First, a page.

restaurants

As On-Premises Dining Falls, Home Delivery Adds Jobs


Call it COVID-19-induced kumbaya.

Just a few weeks ago, third-party restaurant delivery services like DoorDash and Grubhub were in all-out warfare in their quest for elusive scale and profits. Likewise, restaurants nationwide had been complaining that some delivery services were listing them without their permission—among other perceived offenses.

Things have changed—at least for now—given the massive decline in on-premise dining and the boom in restaurant pickup and home delivery.

One of the more visible signs of an attempt at dining détente is a campaign that broke last week by DoorDash titled “Open For Delivery.”

This DoorDash video by The Martin Agency opens with a montage of restaurant imagery while the voiceover says, “And even though tables are empty at the moment, the kitchens are full. While the doors may be closed, the kitchens are open for delivery.”

Although the video does not mention DoorDash competitors by name, the company tagged Uber Eats, Postmates, Grubhub and its own Caviar service on Twitter last Friday while promoting #OpenForDelivery. 

For its part, Grubhub recently announced it will temporarily defer collecting some $100 million in marketing commission fees paid by restaurants that appear on its platform. 

All this good will comes as the National Restaurant Association seeks public support for federal assistance amid the ongoing pandemic. Today, the association canceled its National Restaurant Association Show scheduled for May 16-19 in Chicago and will now hold the event in 2021.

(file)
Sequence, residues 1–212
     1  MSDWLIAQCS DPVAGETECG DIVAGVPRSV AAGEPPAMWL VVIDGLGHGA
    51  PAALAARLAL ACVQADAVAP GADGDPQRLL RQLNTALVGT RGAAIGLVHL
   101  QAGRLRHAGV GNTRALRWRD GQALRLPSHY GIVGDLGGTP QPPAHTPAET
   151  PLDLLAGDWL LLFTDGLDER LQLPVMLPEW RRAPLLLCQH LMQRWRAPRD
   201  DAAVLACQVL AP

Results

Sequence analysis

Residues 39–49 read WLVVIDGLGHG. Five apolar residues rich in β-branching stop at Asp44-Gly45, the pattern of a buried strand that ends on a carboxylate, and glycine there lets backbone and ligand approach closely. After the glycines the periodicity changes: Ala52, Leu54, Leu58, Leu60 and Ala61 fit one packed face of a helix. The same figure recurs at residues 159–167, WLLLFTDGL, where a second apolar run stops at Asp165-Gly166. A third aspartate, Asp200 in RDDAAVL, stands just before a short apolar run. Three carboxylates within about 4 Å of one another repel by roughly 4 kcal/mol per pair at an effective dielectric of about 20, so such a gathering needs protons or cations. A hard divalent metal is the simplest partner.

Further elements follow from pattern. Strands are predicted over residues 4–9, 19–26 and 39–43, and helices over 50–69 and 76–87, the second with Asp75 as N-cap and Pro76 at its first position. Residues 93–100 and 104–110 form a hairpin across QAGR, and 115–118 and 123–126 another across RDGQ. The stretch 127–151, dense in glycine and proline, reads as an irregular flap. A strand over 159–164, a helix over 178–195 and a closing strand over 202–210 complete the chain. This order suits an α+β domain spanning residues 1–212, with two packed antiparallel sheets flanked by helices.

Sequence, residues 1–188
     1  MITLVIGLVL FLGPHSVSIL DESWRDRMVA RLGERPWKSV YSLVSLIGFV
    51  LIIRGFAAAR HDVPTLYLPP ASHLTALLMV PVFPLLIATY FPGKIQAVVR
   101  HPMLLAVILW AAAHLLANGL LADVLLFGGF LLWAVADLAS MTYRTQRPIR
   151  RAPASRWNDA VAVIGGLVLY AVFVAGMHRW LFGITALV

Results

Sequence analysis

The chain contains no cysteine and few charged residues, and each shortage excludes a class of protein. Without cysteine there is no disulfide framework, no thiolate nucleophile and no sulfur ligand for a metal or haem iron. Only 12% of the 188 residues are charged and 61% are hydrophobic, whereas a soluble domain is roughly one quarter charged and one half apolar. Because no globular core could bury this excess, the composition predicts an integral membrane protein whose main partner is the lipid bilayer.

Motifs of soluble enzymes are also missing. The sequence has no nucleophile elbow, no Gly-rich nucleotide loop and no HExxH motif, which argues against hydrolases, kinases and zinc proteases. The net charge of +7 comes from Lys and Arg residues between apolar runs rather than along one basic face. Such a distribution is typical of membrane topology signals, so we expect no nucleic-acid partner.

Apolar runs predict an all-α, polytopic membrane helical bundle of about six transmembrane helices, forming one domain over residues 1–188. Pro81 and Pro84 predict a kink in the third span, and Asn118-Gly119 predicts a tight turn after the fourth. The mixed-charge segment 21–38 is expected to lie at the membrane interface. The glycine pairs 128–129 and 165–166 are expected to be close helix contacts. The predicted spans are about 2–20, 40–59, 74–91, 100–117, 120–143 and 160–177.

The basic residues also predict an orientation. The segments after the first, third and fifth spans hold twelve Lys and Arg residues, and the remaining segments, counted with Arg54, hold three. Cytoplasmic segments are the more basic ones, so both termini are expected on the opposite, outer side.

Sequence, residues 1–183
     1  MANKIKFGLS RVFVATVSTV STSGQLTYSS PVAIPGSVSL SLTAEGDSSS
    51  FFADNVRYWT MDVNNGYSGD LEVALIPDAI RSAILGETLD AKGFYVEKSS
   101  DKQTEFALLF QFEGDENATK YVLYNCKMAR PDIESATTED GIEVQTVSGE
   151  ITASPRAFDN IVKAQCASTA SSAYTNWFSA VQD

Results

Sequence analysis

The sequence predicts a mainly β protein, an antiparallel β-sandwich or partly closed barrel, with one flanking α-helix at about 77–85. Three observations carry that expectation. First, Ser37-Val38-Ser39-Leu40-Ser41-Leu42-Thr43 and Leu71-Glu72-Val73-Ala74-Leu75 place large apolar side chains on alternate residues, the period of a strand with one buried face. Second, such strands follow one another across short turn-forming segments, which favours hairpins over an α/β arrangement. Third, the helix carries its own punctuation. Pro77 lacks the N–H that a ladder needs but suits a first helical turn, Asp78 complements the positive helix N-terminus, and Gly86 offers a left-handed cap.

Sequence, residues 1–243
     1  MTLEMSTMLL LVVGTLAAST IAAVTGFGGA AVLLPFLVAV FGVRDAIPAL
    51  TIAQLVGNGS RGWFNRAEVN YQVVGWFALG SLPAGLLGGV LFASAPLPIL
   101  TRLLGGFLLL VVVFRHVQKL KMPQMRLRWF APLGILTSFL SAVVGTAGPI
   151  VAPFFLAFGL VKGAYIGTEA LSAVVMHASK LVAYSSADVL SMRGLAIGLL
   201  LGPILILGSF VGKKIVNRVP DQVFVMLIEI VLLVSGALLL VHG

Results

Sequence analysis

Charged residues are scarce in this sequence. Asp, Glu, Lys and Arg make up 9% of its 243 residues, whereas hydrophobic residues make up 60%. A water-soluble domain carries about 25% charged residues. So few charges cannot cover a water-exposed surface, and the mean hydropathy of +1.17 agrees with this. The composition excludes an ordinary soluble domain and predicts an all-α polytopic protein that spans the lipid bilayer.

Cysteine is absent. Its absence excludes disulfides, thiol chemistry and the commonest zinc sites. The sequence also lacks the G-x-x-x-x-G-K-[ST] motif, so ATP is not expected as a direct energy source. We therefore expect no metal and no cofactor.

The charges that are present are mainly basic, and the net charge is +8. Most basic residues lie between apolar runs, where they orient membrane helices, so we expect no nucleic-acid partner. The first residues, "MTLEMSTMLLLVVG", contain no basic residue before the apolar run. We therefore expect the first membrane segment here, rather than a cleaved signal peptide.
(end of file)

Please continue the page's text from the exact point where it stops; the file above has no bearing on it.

In a March 18 letter to President Trump, House Speaker Nancy Pelosi and Senate Majority Leader Mitch McConnell, the NRA said it anticipates restaurant sales to decline by $225 billion during the next three months, “which will prompt the loss of between five and seven million jobs.

“Without aggressive and immediate action from the federal government, many restaurants that are a staple of local communities will simply never resume service.”

Some restaurant chains and delivery services are trying to take up the slack by increasing hiring to meet increased demand for at-home dining -- including major pizza purveyors Pizza Hut, Papa John's and Domino's, as reported by CNN Business

Grocery delivery service Instacart is more than doubling the size of its workforce by bringing on an additional 300,000 people over the next three months, according to Progressive Grocer.

Meanwhile, there’s been no ceasefire declared in the breakfast wars—the most recent skirmish of which was kicked off on March 2 by Wendy’s. While some quick-serve restaurants have pulled back on their advertising of late, Wendy’s and McDonald’s are actively promoting their breakfast menus.

A commercial for the McDonald’s 2 for $4 mix-and-match breakfast offering has had more than 5,000 national airings up to and including today, according to iSpot.tv. The “Don’t Know It Yet” breakfast campaign by Wendy’s has had more than 6,600 airings.

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